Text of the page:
Another intervention of drill team that could be implemented is Larry Lavender’s “IDEA model.” This model serves as a way to approach, generate, and manipulate choreography. “IDEA” is an acronym that stands for Improvisation, Development, Evaluation, and Assimilation. While I believe drill team choreographers use some of these modes, I do think there can be more involvement with each of these four modes to enrich every aspect of drill team choreography. In the chapter of Lavender’s book Contemporary Choreography: a critical reader, he mentions that all of these IDEA modes should be present in the creative operation of dance making.
The one mode that is not present in drill team is improvisation. The mode of “Improvisation” is essentially what it sounds like, experimenting and improvising with different movements with different bodies. Reflecting on my background of drill team, improvisation is unheard of and somewhat frowned upon in this industry. My intention with this method would be to develop a movement dialogue with the choreographer and dancers, while also making and inventing different movement through a more artistic, personal, and vulnerable place.
As explained above, there are numerous possibilities that are feasible for the drill team industry. My ambition is to one day shift the paradigm of drill team choreography by infusing the principles of Larry Lavender and Tere O’Connor into the world of drill team by diving deeper into the work and creating richer developments and opportunities of movement in order to lead up to a process-based final product, instead of simply a final product.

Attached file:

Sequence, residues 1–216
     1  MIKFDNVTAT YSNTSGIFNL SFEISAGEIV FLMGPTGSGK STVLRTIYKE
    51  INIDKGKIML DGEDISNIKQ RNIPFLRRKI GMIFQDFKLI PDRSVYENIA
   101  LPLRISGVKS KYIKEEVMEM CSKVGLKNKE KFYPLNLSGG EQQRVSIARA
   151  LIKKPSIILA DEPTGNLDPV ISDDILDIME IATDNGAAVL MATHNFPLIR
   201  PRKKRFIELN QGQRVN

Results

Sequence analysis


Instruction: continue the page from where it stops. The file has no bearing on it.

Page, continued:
Angela Falcone, a Houston native, graduated from Friendswood High School in 2007. She was a member of the drill team, the Friendswood Wranglerettes, where she held the title of Grand Marshal. After graduating, she followed her dream and tried out for the Kilgore College Rangerettes. She had the honor of being chosen as the Freshmen Sergeant and Swingster her freshman year, and received the greatest honor of being chosen as Captain her sophomore year. Following graduation from Kilgore College with an Associate in Fine Arts, she was accepted to the University of Texas at Austin, where she holds a B.F.A. in Dance. Angela currently attends Texas Woman’s University in Denton, Texas where she is pursuing her M.F.A. in Dance. She is specifically interested in shifting the paradigm of high school drill team by reinvigorating the choreographic process and bringing a somatic awareness to high school dancers’ bodies.